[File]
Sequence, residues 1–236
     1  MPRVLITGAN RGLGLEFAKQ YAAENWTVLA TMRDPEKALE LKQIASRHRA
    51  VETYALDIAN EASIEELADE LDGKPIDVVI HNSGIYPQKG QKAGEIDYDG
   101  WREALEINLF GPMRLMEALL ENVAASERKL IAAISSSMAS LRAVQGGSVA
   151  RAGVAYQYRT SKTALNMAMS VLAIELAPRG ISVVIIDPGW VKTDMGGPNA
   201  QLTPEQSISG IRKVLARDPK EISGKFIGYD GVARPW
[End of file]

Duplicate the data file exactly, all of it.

Sequence, residues 1–236
     1  MPRVLITGAN RGLGLEFAKQ YAAENWTVLA TMRDPEKALE LKQIASRHRA
    51  VETYALDIAN EASIEELADE LDGKPIDVVI HNSGIYPQKG QKAGEIDYDG
   101  WREALEINLF GPMRLMEALL ENVAASERKL IAAISSSMAS LRAVQGGSVA
   151  RAGVAYQYRT SKTALNMAMS VLAIELAPRG ISVVIIDPGW VKTDMGGPNA
   201  QLTPEQSISG IRKVLARDPK EISGKFIGYD GVARPW